Blepharoplasty positively influences the patient's quality of life postoperatively. In our QoL study after transdermal blepharoplasty, data were compared with standardized norm data concerning satisfaction with life generally, with health and with appearance (body image), thus covering a wide range of items and parameters of everyday life concerning QoL. The sum score of the FLZM module general life reached higher sores in comparison with the norm population. Furthermore, the participants of our study profit from a well-balanced emotional stability (P = 0.02) according to the FPI-R and have a high self-esteem (P < 0.001) as measured with the RES after the intervention. Through these findings we showed an improvement in different parameters of everyday life and a positive influence on patient's psychological condition.

Finally, we showed that elective aesthetic surgery is very well tolerated by our patients, has a low complication rate, and brings an appropriate high satisfaction with the aesthetic result. Nevertheless, a prospective study is still needed in our opinion, for the better understanding of the impact of blepharoplasty on the QoL of our patients.

Back to Top | Article Outline

Acknowledgments

The authors thank Dr med Vesna Mirceva, currently Dermatologist in Athens, Greece, and Prof Dr med Edgar Biemer, Plastic Surgeon, Professor Emeritus of the Munich Technical University, Munich, Germany. Their fruitful discussions on planning this evaluation as we started to think about this idea at the very beginning were important afterward for the final study design.

Back to Top | Article Outline

REFERENCES

1. Perrogon F. Aesthetic surgery, patient's opinion. Quantitative and qualitative analysis of the aesthetic surgery results of 481 survey responders and 50 records of “dissatisfied” patients. Ann Chir Plast Esthet 2003; 48:307–312.
2. Swanson E. Objective assessment of change in apparent age after facial rejuvenation surgery. J Plast Reconstruct Aesthet Surg 2011; 64:1124–1131.
3. American Medical Association. Annual Meeting of the House of Delegates; Chicago, IL: June 18–22, 1989.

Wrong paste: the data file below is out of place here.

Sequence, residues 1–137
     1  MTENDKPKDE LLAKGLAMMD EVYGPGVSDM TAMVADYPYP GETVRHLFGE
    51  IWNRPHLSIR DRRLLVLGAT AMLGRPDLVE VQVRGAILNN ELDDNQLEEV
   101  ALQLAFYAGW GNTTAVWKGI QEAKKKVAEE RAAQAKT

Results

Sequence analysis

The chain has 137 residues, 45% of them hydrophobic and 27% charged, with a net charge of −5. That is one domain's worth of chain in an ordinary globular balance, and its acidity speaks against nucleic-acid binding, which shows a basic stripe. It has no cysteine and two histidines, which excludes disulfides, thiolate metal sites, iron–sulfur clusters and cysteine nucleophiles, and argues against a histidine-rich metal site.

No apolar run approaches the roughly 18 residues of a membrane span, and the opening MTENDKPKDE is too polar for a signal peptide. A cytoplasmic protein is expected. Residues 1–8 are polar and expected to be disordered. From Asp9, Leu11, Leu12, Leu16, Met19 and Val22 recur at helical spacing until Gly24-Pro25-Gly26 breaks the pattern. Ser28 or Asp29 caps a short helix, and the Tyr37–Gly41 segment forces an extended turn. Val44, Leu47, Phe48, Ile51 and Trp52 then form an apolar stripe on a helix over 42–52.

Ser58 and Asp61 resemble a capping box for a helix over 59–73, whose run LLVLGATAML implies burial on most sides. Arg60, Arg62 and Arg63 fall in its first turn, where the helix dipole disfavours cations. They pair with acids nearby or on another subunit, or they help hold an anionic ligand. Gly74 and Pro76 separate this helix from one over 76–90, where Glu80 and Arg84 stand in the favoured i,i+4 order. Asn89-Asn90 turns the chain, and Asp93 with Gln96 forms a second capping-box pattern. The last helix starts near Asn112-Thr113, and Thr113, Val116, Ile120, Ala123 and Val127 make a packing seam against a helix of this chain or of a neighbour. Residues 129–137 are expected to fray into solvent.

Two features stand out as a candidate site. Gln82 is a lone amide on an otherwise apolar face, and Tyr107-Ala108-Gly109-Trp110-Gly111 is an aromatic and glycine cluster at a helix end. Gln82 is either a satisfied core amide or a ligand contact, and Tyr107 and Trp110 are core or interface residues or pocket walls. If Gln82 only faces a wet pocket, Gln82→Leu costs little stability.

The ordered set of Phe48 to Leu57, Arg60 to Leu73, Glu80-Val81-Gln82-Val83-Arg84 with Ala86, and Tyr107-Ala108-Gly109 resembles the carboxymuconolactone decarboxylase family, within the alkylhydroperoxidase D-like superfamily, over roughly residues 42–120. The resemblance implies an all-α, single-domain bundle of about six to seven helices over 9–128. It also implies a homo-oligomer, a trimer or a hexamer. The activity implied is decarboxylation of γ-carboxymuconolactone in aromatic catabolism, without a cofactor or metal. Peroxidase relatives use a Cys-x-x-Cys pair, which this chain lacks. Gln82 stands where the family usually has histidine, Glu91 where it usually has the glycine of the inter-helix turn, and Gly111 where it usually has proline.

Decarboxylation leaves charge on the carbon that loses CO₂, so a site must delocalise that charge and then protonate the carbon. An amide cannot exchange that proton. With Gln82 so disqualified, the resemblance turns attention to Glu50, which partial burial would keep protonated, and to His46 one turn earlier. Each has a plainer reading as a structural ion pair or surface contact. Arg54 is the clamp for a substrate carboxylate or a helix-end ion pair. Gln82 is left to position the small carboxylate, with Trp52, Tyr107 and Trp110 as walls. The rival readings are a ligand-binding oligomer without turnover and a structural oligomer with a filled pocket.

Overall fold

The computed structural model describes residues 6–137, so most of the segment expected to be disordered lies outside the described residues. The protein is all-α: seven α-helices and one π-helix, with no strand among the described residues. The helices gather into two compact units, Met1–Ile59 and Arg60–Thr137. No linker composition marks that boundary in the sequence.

4. Rankin M, Borah GL, Perry AW, et al. Quality-of-life outcomes after cosmetic surgery. Plast Reconstruct Surg 1998; 102:2139–2145.
5. Both H, Essink-Bot ML, Busschbach J, et al. Critical review of generic and dermatology-specific health-related quality of life instruments. J Invest Dermatol 2007; 127:2726–2739.
6. Stewart MG, Porter JP. Outcomes research and facial plastic surgery. Facial Plast Surg 2002; 18:73–76.
7. Ching S, Thoma A, McCabe RE, et al. Measuring outcomes in aesthetic surgery: a comprehensive review of the literature. Plast Reconstruct Surg 2003; 111:469–480.
8. Papadopulos NA, Kovacs L, Krammer S, et al. Quality of life following aesthetic plastic surgery: a prospective study. Plast Reconstruct Aesthet Surg 2007; 60:915–921.
9. Papadopulos NA, Staffler V, Mirceva V, et al. Does abdominoplasty have a positive influence on quality of life, self-esteem, and emotional stability? Plast Reconstruct Surg 2012; 129:957e–962e.
10. Papadopulos NA, Niehaus R, Keller E, et al. The psychologic and psychosocial impact of otoplasty on children and adults. J Craniofac Surg 2015; 26:2309–2314.
11. Hodges L, Blepharoplasty and brow lift. Selected Readings in Plastic Surgery. Vol.7, 1994.
12. Morales M, Ghaiy M, Itani K. Eyelid Reconstruction. Selected Readings in Plastic Surgery. Vol. 11, 2010.
13. Guthoff R, Katowitz J. Oculoplastics and orbit. Aesthetic and Functional Oculofacial Plasic Problem- Solving in the 21st Century. Germany: Springer Press; 2010.
14. de la Torre JI, Martin SA, De Cordier BC, et al. Aesthetic eyelid ptosis correction: a review of technique and cases. Plast Reconstr Surg 2003; 112:655–660.
15. Henrich G, Herschbach P. Questions on Life Satisfaction (FLZM): a short questionnaire for assessing subjective quality of life. Eur J Psychol Assess 2000; 16:150–159.
16. Fahrenberg J, Hampel R, Selg H. Das Freiburger Persönlichkeitsinventar FPI. Freiburg Personality Inventory FPI. Revised edition FPI-R and partially modified edition FPI-A1 [in German]. Göttingen, Germany: Hogrefe Publishing; 1994.
17. Rosenberg M. Society and the Adolescent Self-Image. Princeton, NJ: Princeton University Press; 1965.